The 2017 Rice College will be held at the Rice Research & Extension Center at Stuttgart, AR on Thursday, Aug. 3. Register now at this link: http://bit.ly/2szn660.
Fig. 4. Streaked preflood nitrogen application and resulting maturity difference.
Fig. 5. Rice stink bugs will find heading rice no matter where it is.
Rice Market Update
Chicago rice futures responded favorably to today’s USDA Export Sales report. The September contract finished 7 cents higher on the day and 18 cents higher for the week at $11.99 ½. The September contract has closed higher 9 out of the last 10 weeks and is now trading at new contract highs.
For the week ending June 29, long-grain rough rice sales reached a marketing year high of 79,251 metric tons (MT). For the second week in a row Venezuela purchased a large volume of rough rice. Last week’s purchase was 52,000 MT. Marketing Year-to-date, Venezuela is the number two (2) market for U.S. long-grain rough rice, accounting for 23% of sales. The number one (1) buyer in the current marketing year, Mexico, purchased 26,955 MT of long-grain rough last week. In all, there were rough rice sales to four markets last week.
Long-grain milled sales were consistent with the previous couple of weeks at 25,532 MT. Haiti was the single largest milled buyer last week, purchasing 21,331 metric tons. Long-grain milled sales are now 3% ahead of last year’s pace.
The old crop export pace has improved as we near the end of the 2016/17 marketing year. With 82,000 MT of rough rice sales to Venezuela over the past two weeks, it is becoming possible the USDA’s old crop export estimate of 80 million hundredweight can be obtained. With basically 4 ½ reporting weeks left for exports, total long-grain sales are now 3% ahead of last year compared to the June USDA projection for a 5% year-over-year increase.
CBOT rice futures should trade in a narrow range ahead of next Wednesday’s USDA supply/demand report. The prospect of lower 2017 production lends support to the market. As a reminder, in July’s balance sheet USDA will use the June 30 Acreage numbers.
As mentioned, the September contract is now trading at new contract highs. One now has to evaluate the September continuation charts for technical ideas on where prices might be headed next. The September weekly chart is included below.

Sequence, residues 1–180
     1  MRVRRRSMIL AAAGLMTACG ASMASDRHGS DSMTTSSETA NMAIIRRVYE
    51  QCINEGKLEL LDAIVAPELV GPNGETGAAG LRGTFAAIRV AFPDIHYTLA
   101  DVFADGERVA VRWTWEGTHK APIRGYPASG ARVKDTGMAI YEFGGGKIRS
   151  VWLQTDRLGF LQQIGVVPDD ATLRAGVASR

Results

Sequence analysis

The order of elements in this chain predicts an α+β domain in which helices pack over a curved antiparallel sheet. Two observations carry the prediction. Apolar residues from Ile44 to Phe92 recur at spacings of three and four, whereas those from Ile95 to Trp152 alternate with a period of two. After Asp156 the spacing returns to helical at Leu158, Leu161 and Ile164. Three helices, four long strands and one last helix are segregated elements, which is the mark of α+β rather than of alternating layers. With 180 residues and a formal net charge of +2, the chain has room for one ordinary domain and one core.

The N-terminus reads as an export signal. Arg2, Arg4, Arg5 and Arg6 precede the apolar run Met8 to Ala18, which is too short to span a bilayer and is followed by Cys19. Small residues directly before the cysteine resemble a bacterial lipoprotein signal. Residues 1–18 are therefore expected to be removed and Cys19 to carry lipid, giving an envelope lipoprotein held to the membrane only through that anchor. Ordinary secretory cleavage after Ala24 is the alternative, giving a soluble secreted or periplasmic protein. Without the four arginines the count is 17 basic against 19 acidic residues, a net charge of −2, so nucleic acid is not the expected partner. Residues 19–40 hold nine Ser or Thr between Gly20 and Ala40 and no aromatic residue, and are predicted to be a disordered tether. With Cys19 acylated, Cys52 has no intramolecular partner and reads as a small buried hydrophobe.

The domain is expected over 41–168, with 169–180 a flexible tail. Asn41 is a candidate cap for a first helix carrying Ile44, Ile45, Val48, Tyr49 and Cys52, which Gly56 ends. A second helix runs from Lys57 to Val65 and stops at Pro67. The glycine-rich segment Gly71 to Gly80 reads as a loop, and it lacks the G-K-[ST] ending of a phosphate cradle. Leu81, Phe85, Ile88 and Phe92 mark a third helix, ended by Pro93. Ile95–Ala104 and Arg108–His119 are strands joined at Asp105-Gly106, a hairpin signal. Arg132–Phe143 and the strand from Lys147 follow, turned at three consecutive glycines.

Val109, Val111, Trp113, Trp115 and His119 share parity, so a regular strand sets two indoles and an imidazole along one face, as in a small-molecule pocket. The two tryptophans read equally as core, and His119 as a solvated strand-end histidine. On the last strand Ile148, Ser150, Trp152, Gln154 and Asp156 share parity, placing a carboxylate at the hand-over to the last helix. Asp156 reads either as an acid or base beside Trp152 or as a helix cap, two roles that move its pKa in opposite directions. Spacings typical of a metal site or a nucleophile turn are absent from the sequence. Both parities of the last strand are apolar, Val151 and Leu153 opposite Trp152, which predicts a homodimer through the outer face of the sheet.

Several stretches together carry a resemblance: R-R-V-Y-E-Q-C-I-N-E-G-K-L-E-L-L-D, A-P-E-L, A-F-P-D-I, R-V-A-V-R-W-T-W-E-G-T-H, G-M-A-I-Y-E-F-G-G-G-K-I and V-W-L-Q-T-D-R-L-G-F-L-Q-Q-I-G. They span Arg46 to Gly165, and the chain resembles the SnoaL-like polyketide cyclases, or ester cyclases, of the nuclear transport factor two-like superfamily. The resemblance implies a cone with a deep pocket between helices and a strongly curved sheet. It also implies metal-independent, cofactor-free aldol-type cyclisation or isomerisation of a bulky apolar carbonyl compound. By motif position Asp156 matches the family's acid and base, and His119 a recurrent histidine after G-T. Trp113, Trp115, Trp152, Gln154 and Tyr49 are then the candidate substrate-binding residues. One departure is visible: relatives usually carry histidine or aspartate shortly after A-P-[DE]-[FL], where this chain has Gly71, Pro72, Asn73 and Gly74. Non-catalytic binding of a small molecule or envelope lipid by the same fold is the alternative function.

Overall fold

CBOT September Rice Futures, Weekly Continuation.
If the September contract can close above last Friday’s (6/30) high of $12.27, the next point of price resistance would be the May 2016 high of $12.34.
To wrap up with a few odds and ends, new crop rice basis continues to hold steady this week with basis at mills remaining 50 cents/cwt. under futures for fall delivery. That would equate to a bid of $5.17 per bushel (basis September futures). Basis for fall delivery to driers remains in the range of 75 to 80 cents under futures.
And, closely watch November soybeans over the next week for opportunities to catch up on 2017 sales. The ’17 bean contract closed at $10.15 ½ today. And, Jarrod would probably appreciate me not mentioning this, but July ’18 wheat did trade $6 this week. This is attracting much grower interest—especially coupled with the November ‘18 bean settlement today at $9.99 ½ – high trade today was $10.02. Also, keep watch on Gulf Urea. It has been trading at $160/ton for the past few weeks—multi-year lows. Opportunities abound.
Enroll Fields in the DD50 Program to Help Time Management Decisions
The DD50 program can be found at http://DD50.uaex.edu. Please let us know if you have any questions or encounter any problems.
Arkansas Rice Updates are published periodically to provide timely information and recommendations for rice production in Arkansas. If you would like to be added to this email list, please send your request to firstname.lastname@example.org.
This information will also be posted to the Arkansas Row Crops blog (http://www.arkansas-crops.com/) where additional information from Extension specialists can be found.
More information on rice production, including access to all publications and reports, can be found at http://www.uaex.edu/rice.
We sincerely appreciate the support for this publication provided by the rice farmers of Arkansas and administered by the Arkansas Rice Research and Promotion Board.
The authors greatly appreciate the feedback and contributions of all growers, county agents, consultants, and rice industry stakeholders.